Breast milk is the perfect source of nutrition for your child. It helps babies maintain a healthy weight, improve their brain development and thanks to an ideal mix of antibodies, boost their immune system and help them fight off diseases and infections.
But did you know that this liquid gold has benefits beyond nourishing your baby? Milliam Murigi explores some unexpected ways to use it
Treating eye and ear infections
Breast milk contains high levels of Immunoglobulin-A antibodies, which protect the babies from infection. Adding a few drops of breast milk into the affected ear/eye every few hours will help clear the infection quickly. Consult a doctor if the problem persists.
Scientists have discovered that lauric acid, a component of breast milk, has antibacterial, acne-fighting qualities. Dabbing breast milk on your face, then letting it air dry, may help clear up acne. You can also wash your face with breast milk to prevent future breakouts. If you want to try it, first wash your face with clear water, wash again with breast milk and let it air dry, and wipe it away with a clean towel.
From cuts to minor burns and even small wounds, breast milk can be used to heal any form of a wound. It has this ability because it’s sterile, antiseptic, antibacterial, and has healing properties. Breast milk contains the most living white blood cells to help fight bacteria. Apart from healing, it also prevents the wounds from becoming infected.
However surprising this is, there is a compound in breast milk that actually destroys common warts on the skin, causing them to fall off. All you need to do is placing a milk-soaked cotton ball on the wart for a few minutes twice a day until the wart dries up and falls off.
Treating sore nipples
Chapped and sore nipples are a common problem in the early days of breastfeeding. Though there are various creams and prescription ointments on the market to treat this, you can try breast milk instead. Because of the antibiotics properties found in the breast milk, you only need to express a bit of milk onto the nipple at the end of a feed and then let it air-dry there.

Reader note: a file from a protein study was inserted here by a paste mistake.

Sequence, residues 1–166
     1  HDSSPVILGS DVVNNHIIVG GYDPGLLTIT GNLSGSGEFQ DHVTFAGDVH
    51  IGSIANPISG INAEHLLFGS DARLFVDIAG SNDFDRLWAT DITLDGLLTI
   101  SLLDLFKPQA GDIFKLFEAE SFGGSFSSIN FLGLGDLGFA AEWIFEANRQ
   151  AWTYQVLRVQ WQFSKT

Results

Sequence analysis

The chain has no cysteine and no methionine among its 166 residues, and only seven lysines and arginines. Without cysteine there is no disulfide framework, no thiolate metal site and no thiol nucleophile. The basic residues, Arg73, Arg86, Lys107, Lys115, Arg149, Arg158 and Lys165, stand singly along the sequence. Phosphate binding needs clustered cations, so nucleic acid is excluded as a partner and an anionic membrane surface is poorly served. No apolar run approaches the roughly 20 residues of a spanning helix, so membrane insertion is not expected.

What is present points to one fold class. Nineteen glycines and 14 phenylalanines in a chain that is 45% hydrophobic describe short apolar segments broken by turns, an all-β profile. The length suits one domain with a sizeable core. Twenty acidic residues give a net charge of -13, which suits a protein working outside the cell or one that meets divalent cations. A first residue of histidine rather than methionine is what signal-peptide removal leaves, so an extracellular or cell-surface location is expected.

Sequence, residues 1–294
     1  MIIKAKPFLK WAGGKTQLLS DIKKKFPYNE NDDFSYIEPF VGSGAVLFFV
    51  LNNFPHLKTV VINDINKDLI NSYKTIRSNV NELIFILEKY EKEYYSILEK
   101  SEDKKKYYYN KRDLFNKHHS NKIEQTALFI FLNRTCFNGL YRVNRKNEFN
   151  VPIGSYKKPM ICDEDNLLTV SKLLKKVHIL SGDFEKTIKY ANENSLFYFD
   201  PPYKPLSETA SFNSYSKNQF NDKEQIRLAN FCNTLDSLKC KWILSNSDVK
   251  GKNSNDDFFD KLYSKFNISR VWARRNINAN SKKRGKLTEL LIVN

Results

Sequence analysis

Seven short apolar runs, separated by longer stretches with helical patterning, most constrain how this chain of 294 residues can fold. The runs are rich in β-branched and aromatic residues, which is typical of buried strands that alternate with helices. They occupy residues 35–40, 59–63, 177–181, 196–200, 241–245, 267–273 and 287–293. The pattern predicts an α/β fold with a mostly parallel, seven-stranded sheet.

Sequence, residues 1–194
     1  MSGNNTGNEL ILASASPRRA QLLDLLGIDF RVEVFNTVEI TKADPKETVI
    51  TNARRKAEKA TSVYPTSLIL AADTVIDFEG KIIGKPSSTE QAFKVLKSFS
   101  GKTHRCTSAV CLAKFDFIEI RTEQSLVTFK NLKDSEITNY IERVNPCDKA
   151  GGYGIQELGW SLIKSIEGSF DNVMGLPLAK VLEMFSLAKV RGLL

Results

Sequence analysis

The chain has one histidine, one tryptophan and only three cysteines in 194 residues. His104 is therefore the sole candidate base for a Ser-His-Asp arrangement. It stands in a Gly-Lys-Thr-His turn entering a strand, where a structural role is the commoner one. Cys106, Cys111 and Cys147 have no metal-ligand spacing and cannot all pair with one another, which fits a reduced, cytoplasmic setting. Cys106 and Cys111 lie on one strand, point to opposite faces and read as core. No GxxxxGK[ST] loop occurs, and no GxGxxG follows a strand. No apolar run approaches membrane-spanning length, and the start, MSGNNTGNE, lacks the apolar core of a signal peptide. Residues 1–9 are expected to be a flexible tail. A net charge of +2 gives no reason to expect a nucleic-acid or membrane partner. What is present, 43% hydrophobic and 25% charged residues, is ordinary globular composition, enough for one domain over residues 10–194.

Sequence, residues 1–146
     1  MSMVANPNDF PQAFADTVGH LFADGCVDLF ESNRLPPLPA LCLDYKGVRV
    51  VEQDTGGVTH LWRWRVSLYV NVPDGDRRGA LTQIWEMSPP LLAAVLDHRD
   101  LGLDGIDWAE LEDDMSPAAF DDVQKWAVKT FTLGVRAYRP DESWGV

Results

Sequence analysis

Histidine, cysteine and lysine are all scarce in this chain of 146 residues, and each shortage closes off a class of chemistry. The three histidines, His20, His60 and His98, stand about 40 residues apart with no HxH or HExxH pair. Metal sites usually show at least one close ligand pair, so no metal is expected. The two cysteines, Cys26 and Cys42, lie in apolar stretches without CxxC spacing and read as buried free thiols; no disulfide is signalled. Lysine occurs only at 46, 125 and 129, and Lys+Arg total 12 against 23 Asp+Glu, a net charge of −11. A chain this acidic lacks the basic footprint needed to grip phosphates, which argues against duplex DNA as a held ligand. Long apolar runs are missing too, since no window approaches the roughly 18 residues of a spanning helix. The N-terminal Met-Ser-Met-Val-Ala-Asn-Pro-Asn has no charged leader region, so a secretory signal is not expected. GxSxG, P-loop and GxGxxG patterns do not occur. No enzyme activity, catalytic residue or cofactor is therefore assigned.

Treating diaper rash
If your child is suffering from diaper rash, instead of applying diaper rush creams, you can apply breastmilk. Just apply breast milk three times a day on the affected area and let it air dry before putting a diaper back on. There are a number of studies that have found human milk as an effective treatment for diaper rash. One study found that breast milk was just as effective in treating diaper rash as hydrocortisone one per cent ointment alone and reiterated that “human breast milk is an effective and safe treatment for diaper dermatitis in infants.”
Clearing stuffy Nose
Babies suffer from congestion from time to time. Usually, parents squirt a bit of saline solution into baby’s nose to decongest the nostrils, but instead of saline, try a bit of breast milk instead. It works just as well as saline to break up mucus, so it’s commonly recommended by paediatricians. Unlike salty saline, babies also recognise the taste of breastmilk, so they aren’t as disturbed when they swallow some of it in the process.
Boosting immune system
Breast milk is believed to serve as an immune booster and those who are sick are advised to drink breast milk. It is also believed that breast milk shortens the length and severity of a cold. Breast milk can help cancer patients, organ transplant recipients, and people with infectious diseases to strengthen their immune system.
Treating insect bites
Because of its anti-inflammatory chemicals that help regulate the body’s immune response, breast milk can be used as a remedy for insect bites such as ants, mosquitoes, among others. Apply on the insect bite and allow it to dry to bring quick relief from the itching.
To make non-allergenic milk products
Breast milk can be used to make all-natural, safe, and non-allergenic milk products such as yoghurt, cheese and butter that you can give your baby. You will need to express at least six cups of breast milk to be able to make these products at home. Cheese is a little difficult to make as the protein content in breast milk is lower than the protein content in animal milk.